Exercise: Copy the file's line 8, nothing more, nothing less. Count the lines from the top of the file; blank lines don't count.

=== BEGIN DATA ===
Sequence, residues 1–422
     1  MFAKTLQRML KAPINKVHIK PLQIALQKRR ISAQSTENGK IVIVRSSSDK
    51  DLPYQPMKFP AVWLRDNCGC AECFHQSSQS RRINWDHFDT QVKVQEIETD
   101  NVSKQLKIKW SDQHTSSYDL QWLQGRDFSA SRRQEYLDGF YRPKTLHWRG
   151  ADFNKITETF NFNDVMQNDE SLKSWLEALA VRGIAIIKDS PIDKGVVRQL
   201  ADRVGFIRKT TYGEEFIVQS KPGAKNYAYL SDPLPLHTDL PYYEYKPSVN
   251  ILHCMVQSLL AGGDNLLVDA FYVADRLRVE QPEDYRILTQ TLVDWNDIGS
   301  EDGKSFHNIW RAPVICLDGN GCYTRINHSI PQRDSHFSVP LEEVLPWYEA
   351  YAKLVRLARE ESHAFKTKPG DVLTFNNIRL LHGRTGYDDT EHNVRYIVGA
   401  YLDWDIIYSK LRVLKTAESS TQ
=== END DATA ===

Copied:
   301  EDGKSFHNIW RAPVICLDGN GCYTRINHSI PQRDSHFSVP LEEVLPWYEA